B

We are similarly troubled by the Commission's requirement that IP CTS phones “have a default setting of captions off, so that all IP CTS users must affirmatively turn on captioning.” J.A. at 130. This rule is not only unsupported by the evidence, but contradicted by it.

When the Commission enacted the interim version of the Default–Off Rule, it acknowledged one study showed “those states that require a captions-off default setting for intrastate CTS actually have a slightly higher average number of minutes of use compared with the states that permit the default to be captions on.” J.A. at 19. During notice and comment for the final rule, various stakeholders complained about the rule based on their experience with the interim version. Hamilton Relay, for instance, suggested revisiting the necessity of the rule, as “[t]he consumers' loss of ․ efficiency and functionality may [have] outweigh[ed] whatever benefits [were] derived from the restriction.” J.A. at 219–20. Ultratec, another IP CTS provider, even presented historical data suggesting there was “no evidence of fraud or misuse of IP CTS” as a result of a captions-on default. J .A. at 311. In fact, it remarked “there is at least some evidence that a ‘default off’ requirement does not impact ․ captioned telephone usage patterns when [equipment on the customer's premises] is initially distributed with the default on or with the default off .” Id. Consumers, for their part, also expressed their dismay over the rule, calling it “highly disruptive.” J.A. at 95.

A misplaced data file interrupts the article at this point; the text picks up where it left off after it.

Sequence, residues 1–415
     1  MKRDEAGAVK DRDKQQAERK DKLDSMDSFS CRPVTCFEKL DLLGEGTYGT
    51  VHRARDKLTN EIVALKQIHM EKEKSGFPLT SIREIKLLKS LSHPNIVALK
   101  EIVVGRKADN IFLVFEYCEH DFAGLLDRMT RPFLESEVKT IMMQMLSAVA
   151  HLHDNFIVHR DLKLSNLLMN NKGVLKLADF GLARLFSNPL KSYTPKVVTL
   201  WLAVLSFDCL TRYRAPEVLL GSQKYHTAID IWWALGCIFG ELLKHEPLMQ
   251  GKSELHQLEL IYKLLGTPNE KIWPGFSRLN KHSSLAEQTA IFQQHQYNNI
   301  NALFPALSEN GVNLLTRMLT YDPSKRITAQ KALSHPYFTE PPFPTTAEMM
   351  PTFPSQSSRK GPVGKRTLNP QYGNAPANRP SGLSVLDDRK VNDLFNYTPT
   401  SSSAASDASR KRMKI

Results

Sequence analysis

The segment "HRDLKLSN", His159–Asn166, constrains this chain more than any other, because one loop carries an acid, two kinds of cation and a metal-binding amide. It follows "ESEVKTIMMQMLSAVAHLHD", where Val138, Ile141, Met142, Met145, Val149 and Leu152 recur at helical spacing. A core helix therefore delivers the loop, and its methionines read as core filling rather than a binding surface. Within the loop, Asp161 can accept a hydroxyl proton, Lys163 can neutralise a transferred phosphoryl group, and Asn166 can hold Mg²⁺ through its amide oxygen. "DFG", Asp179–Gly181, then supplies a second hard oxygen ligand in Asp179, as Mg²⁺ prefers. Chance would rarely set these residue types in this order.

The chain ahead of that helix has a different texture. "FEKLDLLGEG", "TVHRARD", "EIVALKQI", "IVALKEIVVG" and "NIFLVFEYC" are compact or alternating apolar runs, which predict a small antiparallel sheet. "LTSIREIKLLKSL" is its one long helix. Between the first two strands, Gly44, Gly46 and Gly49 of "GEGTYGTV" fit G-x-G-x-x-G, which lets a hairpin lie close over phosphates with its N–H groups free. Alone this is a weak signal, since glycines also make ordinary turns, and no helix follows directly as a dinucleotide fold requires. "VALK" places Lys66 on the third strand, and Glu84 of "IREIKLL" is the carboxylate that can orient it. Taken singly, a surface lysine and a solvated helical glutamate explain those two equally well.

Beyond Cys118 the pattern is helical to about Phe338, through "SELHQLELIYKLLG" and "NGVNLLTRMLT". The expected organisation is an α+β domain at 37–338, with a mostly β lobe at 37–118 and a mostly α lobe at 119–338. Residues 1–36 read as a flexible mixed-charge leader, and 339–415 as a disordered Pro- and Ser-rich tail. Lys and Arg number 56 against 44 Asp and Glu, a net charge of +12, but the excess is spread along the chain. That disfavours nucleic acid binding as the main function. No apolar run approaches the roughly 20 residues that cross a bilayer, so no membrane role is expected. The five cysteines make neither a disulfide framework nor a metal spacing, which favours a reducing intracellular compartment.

And yet, despite the chorus of businesses and consumers opposing continued implementation of the rule, the Commission kept it intact. The disruptiveness, it claimed, would simply go away. See J.A. at 97–98 (explaining the Commission “anticipate[d] that most concerns will subside over time as default off becomes familiar”). As for the quantitative data presented by Ultratec and others, the Commission acknowledged a dearth of evidence to prove fraudulent use. See J.A. at 97 (“[W]e are unable to quantify the amount of IP CTS usage attributable to casual or inadvertent use of captions ․”). It instead pointed to evidence suggesting a decline in IP CTS usage after it implemented the interim version of the Default–Off Rule, see id., which, of course, reveals nothing about the decline in fraudulent use.

The Commission also cited a research study which showed “50 percent [of surveyed users who share their telephones with persons without hearing loss stated] that those with whom the phone is shared never turn off captions, while another 25 percent said that the sharers only sometimes turn off captions.” J.A. at 97 n.311. These numbers, however, must be put into context. What the Commission neglected to mention is that the cited sub-sample was only eight percent (164 individuals) of the surveyed CTS-using population (2,014 users). J.A. at 335, 351. In other words, the vast majority of surveyed users did not share their phones at all, and not all users who shared their phones posed a danger of IP CTS misuse. Moreover, the Commission failed to address the study's ultimate conclusion that “this survey of ․ special captioned telephone users does not support either fraud or misuse as the source of growth in IP CTS.” J.A. at 356.

So, like the $75 Rule, the Default–Off Rule was intended to defeat a bogeyman whose existence was never verified, i.e., the fraudulent use of IP CTS technology. But unlike its counterpart, the Default–Off Rule did not want for evidence; instead, there was contrary evidence questioning its efficacy and necessity. The Commission left these serious concerns unaddressed. Accordingly, its decision to implement the Default–Off Rule was arbitrary and capricious. See El Rio Santa Cruz Neighborhood Health Ctr., Inc. v. U.S. Dep't of Health and Human Servs., 396 F.3d 1265, 1278 (D.C .Cir.2005).

IV